On first moving to the UK I remember being amazed by the range of curries available in curry restaurants. I lived in Rochester, in Kent, and at least ten curry restaurants within walking distance of my flats. And every single one had at least one curry I hadn’t heard of before. Having (almost literally) grown up on a diet of rogan josh, vindaloo, butter chicken and raan, curries like jalfrezi, dhansak and phal seemed positively exotic.
I put in some hard yards and after serious research I had the distinctions under my belt and could negotiate my way around a menu in my sleep.
I’m pretty sure that a doh piaza was something with which I was not conversant before heading to the UK. The key thing with a doh piaza is that it’s all about the onions. Indeed, ‘doh piaza’ means ‘two onions’. As with all curries, a long slow cook is in order, so don’t try to whip this up after work. I made this on Monday for Wednesday night’s dinner. I kept aside the second batch of onions, ready to add (along with the garam masala) as the curry was heating up.
This is not a super spicy curry (I ate mine with plenty of hot lime pickle!) and it doesn’t have a scary list of spices so if you’re something of a curry novice, or don’t cook curries often, then this is a great recipe to have in your repertoire.
The basis for this recipe comes from Charmaine Solomon’s classic Complete Asian Cookbook and, perhaps less so than usual, I apologise for what is probably an uninspiring photo. But we all know curries are tough to photograph!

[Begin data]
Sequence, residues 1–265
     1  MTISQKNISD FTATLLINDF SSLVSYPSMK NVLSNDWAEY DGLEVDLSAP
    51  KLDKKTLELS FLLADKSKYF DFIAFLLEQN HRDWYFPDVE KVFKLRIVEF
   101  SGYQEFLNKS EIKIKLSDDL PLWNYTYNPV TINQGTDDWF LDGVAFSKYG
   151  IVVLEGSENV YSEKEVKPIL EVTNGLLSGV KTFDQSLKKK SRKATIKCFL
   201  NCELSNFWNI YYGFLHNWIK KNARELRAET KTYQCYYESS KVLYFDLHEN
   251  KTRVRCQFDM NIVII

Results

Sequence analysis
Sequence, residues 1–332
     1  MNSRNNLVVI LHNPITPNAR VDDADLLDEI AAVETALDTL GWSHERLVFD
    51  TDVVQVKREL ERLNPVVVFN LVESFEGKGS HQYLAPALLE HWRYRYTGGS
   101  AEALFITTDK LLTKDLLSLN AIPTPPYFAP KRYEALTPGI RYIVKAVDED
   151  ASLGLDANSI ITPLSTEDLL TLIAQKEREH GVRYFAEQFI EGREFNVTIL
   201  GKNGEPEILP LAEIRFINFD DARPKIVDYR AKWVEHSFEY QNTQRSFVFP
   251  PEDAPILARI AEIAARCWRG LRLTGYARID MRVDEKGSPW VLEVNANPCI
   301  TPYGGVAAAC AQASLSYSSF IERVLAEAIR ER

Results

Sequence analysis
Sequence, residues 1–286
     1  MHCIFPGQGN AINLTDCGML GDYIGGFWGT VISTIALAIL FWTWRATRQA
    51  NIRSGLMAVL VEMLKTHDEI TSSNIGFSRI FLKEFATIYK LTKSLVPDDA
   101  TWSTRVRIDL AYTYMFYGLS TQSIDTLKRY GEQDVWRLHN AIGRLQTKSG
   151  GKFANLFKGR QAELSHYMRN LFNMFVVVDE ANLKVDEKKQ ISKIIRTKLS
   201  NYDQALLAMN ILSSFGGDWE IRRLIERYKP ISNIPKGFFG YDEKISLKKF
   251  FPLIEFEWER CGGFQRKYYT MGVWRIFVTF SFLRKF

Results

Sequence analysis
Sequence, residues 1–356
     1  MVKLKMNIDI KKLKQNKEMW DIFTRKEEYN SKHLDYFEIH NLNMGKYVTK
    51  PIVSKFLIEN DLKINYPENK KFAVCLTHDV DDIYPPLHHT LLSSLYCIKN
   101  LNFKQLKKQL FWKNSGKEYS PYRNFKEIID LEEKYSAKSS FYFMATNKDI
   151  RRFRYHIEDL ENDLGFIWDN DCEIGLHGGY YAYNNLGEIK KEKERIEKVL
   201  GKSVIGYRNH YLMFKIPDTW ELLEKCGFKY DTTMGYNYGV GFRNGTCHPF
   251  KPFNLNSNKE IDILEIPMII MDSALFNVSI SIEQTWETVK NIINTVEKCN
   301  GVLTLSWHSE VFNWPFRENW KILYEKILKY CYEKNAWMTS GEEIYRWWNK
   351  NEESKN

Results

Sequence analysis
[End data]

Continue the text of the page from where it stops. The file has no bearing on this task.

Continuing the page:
Charmaine Solomon’s Lamb Doh Piaza
- 700g diced lamb
- 500g onions
- 3 large cloves garlic
- chunk of fresh ginger, peeled
- ~ 30g plain yoghurt
- 1 heaped tsp chilli flakes (or substitute chilli powder - but always to taste)
- half a packet of coriander, roots included
- 1 tbsp ground coriander
- 1 tsp cumin seeds
- 4 cardamom pods
- ½ tsp garam masala
- Heat some oil and ghee in a heavy based pan that has a lid.
- Finely slice half the onions and cook until golden. Then set aside.
- While cooking the onions, roughly chop the remaining onions and put in a food processor with the garlic, chopped ginger, yoghurt, chilli, fresh and ground coriander and cumin seeds. Process until smooth.
- Once the sliced onions have been browned, add the chopped lamb to the pan and brown. You may need to do this in batches. Set the meat aside.
- Add a little more ghee to the pan and then add the onion and spice mix. Cook, stirring frequently, until it darkens in colour and oil starts to appear at the edges. Be patient.
- Return the meat to the pan, add the cardamom and stir well. Turn the heat down to low, cover and cook slowly until the lamb is tender. Allow at least a couple of hours.
- When ready to serve, stir through the sliced fried onions and garam masala. Cook for a further fifteen minutes and then serve with rice (or naan).